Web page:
Today dawned overcast with very low cloud. Funnily enough, though, we could see the snow-covered peaks poking up through the clouds as we left Franz Joseph. Our drive to Haast was clear but for the most part we had no way of knowing just what was beyond the roadside trees. There were only a couple of hints that the clouds hid anything more than hills – an avalanche warning sign in one spot and a window in the sky that opened to show a snowy peak, but closed again before we could pick up the camera. The scenery was of native bush, though, so much prettier than the radiate pine logging forests!
Between Paringa Beach and Haast the Rata trees were covered in buds – a teaser to indicate just how beautiful things must look in summer when the hillsides are covered with their crimson flowers. We did see a couple of early flowerers and pulled over to take some photos of one. I was looking out the window when we stopped and saw something move just over the edge of the cliff. Up popped a big brown head with a big hooked beak. A large bird looked around at us then hopped up and continued to watch us. It was a Kea – a native parrot that is often seen around the glaciers and is known to hang around the carparks looking for handouts and attacking cars. They are quite bold and not at all dangerous to people but actually known to kill sheep!! This one watched us for long enough for Stephen to get a few photos before it flew off to join its two mates feeding on Rata flowers. This was a bit of a thrill for us as we were disappointed not to see a Kea when we were at the glaciers.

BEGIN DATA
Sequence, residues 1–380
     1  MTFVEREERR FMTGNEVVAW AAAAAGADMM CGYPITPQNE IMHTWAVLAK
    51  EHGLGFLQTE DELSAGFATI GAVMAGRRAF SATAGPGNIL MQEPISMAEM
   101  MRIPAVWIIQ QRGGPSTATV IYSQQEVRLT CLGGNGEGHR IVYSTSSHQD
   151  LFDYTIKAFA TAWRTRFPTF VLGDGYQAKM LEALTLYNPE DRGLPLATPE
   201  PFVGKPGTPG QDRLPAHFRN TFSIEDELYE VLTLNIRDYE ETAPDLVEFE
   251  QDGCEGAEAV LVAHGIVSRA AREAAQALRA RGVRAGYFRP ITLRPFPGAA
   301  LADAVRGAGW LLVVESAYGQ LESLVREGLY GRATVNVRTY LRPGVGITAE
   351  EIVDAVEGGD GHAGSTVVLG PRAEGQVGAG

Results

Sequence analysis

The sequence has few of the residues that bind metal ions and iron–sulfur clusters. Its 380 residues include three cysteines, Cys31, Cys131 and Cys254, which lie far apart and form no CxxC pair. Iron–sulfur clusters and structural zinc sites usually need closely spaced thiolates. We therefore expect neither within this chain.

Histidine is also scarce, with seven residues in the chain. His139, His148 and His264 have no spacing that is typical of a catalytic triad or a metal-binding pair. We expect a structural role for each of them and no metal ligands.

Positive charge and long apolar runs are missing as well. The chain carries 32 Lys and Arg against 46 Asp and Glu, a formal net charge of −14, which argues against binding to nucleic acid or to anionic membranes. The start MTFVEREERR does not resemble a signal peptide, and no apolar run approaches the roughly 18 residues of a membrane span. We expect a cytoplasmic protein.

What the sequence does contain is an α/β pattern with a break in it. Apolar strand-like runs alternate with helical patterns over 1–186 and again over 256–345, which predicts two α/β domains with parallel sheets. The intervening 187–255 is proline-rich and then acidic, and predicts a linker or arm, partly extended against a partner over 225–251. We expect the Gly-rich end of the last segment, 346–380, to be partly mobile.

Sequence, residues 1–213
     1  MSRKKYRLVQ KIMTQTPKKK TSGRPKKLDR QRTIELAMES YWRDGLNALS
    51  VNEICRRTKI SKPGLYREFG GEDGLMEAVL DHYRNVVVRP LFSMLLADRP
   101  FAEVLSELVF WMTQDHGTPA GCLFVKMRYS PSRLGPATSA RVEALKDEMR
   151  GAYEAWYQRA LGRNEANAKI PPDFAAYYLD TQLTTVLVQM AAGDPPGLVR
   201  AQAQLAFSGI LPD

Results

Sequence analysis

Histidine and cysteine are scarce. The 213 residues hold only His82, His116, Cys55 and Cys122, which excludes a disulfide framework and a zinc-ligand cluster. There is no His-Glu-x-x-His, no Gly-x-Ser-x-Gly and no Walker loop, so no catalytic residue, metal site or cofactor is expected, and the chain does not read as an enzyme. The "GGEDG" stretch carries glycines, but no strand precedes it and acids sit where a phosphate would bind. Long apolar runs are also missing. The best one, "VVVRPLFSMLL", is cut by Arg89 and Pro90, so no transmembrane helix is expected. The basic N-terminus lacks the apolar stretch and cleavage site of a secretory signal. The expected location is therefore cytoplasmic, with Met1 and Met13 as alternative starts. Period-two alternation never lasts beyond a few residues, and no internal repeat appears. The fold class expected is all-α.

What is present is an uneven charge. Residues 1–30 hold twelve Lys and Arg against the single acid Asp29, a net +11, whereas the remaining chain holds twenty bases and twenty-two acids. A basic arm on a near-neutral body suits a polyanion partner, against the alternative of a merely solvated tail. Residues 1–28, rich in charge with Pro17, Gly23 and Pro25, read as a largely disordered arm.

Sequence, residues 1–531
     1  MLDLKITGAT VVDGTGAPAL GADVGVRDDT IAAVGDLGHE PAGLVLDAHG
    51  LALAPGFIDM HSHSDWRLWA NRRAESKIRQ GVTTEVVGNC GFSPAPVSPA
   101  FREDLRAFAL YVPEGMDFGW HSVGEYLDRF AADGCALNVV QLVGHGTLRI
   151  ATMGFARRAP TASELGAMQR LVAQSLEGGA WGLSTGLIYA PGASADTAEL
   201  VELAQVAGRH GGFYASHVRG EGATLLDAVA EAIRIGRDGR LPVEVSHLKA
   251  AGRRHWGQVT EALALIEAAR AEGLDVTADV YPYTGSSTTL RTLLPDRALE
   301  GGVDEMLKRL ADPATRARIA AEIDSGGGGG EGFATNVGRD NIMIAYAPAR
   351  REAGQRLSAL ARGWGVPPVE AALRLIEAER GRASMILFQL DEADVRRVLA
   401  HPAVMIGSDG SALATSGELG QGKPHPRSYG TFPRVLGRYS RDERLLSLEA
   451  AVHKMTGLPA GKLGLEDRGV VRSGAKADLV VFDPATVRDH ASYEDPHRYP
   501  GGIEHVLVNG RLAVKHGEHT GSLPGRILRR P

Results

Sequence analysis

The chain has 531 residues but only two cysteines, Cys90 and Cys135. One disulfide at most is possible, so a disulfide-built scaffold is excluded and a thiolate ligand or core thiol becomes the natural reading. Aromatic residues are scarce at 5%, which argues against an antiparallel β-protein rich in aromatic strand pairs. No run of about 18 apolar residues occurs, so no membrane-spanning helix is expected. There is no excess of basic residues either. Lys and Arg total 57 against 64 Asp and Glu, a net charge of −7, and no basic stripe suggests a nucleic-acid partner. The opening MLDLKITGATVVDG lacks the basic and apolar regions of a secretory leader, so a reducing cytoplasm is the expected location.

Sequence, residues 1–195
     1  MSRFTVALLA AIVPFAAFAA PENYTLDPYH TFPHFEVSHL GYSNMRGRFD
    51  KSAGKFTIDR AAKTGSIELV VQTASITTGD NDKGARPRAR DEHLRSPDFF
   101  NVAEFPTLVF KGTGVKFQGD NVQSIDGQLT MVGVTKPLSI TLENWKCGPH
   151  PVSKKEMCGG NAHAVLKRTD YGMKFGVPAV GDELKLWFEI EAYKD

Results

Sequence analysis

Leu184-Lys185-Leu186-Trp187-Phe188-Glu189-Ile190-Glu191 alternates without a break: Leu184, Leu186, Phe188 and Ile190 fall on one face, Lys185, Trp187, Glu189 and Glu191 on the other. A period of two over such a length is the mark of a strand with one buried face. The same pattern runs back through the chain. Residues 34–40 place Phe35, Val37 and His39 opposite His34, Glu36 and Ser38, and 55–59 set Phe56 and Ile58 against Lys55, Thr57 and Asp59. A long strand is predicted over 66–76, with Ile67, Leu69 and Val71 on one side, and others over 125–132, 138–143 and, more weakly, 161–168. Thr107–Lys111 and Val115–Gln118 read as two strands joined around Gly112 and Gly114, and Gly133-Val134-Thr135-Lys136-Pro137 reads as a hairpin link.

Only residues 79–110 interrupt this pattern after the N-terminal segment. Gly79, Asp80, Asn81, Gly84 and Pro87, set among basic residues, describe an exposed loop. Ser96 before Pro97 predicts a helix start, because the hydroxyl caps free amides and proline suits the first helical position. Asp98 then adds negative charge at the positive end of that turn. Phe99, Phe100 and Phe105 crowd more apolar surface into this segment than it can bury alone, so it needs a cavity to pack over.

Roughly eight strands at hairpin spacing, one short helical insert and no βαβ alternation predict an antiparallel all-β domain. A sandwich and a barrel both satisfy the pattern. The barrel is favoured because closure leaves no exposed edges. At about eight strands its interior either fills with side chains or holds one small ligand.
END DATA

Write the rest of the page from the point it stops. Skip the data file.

We’re hoping that Stephen also got a photo of a Tui (a type of native honeyeater) that was also in the tree but they are fast movers so we’ll have to wait to see just what we end up with when we look at the photos.
The road (which has, until this stage, been running close to the coast) turns inland at Haast and goes through Haast Pass. Entering the pass is an ‘oh wow!’ moment. The cloud was still there but had moved higher so we could see that we were surrounded by spectacular mountains, many with snow-capped peaks. What a beautiful sight. We passed a lot of waterfalls as we travelled through this steep-sided, bush-covered pass.
After Makaroa, where we stopped for lunch, beautiful Lake Wanaka appeared on our right. Even though it was quite windy the lake still looked stunning surrounded by mountains. We followed the lake for a while and then moved away from it to have its twin, Lake Hawea on our left; once again windswept, but equally stunning with its mountainous backdrop. These mountainsides are bare and are probably snow-covered practically to the waterline in winter. The town of Wanaka is just beyond the southern end of Lake Hawea and sits on the southern end of Lake Wanaka. It’s where we’re spending the night tonight.